As more and more people stay home and as streaming services' audiences increase, internet speed is under pressure.
And Australia's broadband is just holding on, experts say.
Researchers at Monash University have looked at the world's internet activity and created a global map that details the effect of COVID-19 on internet infrastructure.
To create the map, they looked at the difference in latency or speed issues affecting millions of internet global users since February when many countries entered major lock-downs
"More people at home means more people online," Associate Professor Paul Raschky said.
"The situation is not dissimilar to a family trying to make their way through a crowded subway tunnel."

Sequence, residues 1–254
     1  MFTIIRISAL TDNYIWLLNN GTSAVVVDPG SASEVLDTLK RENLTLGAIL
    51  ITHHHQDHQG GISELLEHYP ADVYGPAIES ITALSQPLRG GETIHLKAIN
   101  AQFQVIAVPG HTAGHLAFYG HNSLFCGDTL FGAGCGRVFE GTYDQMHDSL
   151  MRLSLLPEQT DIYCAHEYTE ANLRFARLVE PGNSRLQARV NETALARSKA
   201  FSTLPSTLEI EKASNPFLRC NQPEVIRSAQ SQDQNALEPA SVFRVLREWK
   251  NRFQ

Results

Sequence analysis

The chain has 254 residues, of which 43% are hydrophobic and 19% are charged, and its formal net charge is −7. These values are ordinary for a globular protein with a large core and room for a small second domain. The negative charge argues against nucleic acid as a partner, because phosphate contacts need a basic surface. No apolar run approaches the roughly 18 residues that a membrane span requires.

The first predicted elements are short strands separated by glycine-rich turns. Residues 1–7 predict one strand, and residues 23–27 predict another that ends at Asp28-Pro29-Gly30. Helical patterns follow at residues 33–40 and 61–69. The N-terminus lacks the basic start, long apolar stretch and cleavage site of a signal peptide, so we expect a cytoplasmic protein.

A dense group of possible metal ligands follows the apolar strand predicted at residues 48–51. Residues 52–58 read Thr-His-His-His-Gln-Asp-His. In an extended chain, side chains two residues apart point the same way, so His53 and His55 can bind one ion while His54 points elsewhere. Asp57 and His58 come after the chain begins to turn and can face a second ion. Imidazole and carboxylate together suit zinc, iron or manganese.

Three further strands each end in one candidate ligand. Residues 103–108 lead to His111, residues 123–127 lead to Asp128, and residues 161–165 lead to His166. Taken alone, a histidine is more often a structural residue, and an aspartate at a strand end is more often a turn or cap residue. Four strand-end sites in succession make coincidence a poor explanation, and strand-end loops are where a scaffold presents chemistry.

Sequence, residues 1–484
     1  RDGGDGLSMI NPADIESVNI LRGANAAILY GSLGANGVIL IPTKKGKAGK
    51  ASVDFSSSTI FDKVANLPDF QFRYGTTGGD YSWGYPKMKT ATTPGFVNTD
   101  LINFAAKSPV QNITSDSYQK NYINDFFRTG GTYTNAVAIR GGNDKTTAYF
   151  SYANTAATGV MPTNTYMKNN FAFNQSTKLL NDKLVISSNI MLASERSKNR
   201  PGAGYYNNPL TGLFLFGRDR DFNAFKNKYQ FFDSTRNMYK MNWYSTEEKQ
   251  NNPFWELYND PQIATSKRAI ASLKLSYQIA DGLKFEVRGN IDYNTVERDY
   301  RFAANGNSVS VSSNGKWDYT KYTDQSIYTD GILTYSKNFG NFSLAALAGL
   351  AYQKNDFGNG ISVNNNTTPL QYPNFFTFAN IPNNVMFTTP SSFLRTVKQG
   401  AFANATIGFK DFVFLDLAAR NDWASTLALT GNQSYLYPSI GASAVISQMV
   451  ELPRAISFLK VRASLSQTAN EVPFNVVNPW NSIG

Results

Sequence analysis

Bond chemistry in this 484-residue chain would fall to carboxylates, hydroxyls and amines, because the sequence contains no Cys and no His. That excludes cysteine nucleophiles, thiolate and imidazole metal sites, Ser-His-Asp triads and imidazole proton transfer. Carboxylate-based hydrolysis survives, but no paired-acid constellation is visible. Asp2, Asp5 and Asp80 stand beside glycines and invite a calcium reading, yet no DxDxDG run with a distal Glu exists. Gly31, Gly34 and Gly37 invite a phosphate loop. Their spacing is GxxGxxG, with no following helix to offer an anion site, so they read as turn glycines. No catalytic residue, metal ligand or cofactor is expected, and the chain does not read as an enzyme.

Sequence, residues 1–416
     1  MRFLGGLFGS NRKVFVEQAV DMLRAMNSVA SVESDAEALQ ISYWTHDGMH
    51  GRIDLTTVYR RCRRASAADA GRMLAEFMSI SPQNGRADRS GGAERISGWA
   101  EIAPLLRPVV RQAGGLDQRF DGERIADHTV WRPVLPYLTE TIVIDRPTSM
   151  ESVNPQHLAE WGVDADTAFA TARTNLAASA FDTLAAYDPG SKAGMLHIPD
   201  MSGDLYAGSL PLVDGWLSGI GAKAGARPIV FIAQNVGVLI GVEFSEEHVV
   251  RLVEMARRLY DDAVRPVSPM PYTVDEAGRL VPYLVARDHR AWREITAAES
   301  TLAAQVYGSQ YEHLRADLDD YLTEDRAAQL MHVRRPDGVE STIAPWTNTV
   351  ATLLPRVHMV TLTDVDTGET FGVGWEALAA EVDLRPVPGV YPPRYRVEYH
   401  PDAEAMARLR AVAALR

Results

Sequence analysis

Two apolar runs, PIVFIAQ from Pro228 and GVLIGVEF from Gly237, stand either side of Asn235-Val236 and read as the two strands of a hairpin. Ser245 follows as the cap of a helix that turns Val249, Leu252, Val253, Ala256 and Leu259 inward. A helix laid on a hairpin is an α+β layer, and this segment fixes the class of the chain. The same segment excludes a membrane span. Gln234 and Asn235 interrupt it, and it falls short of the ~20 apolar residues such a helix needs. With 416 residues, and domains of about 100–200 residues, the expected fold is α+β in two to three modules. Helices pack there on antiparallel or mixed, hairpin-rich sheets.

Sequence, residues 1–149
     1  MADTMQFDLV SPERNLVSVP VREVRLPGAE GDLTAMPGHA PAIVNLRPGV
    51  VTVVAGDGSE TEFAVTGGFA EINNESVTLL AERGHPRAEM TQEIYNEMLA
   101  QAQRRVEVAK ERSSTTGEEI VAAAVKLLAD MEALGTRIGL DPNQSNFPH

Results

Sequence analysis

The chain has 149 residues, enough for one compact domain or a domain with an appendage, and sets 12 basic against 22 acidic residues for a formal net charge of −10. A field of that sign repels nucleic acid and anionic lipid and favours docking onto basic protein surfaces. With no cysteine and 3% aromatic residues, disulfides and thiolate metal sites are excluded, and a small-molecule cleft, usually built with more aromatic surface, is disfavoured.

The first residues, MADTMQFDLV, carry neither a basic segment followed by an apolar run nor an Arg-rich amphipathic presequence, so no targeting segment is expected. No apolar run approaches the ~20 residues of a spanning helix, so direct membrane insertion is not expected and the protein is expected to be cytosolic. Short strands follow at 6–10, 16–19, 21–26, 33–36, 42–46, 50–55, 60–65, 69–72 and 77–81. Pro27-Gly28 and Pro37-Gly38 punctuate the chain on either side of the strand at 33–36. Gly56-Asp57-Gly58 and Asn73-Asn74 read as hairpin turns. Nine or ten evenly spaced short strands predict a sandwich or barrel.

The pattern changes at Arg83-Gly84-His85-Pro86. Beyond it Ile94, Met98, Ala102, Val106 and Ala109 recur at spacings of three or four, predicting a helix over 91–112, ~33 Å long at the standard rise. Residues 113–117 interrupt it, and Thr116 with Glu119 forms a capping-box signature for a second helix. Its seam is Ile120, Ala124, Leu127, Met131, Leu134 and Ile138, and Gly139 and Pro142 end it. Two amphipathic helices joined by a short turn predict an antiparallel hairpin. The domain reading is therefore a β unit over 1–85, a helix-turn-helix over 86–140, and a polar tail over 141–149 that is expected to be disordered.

Although internet quality is still relatively stable in Europe and North America, Dr Raschky claims that regions affected by the virus like Italy or Spain have shown signs of strain.
Across Australia's major cities, the internet is holding up.
But areas like the ACT, South Australia and Victoria are showing initial signs of pressure.
"The signs for now in Australia are 'steady', but not entirely reassuring," Dr Raschky said.
"We will keep monitoring the situation and plan to provide further reports as the Australian social distancing measures ramp up in the coming days."
Broadband provider Optus announced it would support customers boosting additional data, and making all fixed broadband plans unlimited.
Telstra said it was offering personal and small business customers additional data, and offering unlimited standard home phone calls for pensioners.
Australian Associated Press